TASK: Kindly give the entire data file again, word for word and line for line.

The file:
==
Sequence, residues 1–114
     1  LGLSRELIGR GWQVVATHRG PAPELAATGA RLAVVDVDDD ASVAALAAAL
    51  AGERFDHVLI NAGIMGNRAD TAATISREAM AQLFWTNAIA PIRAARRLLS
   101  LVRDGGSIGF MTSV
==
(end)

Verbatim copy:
Sequence, residues 1–114
     1  LGLSRELIGR GWQVVATHRG PAPELAATGA RLAVVDVDDD ASVAALAAAL
    51  AGERFDHVLI NAGIMGNRAD TAATISREAM AQLFWTNAIA PIRAARRLLS
   101  LVRDGGSIGF MTSV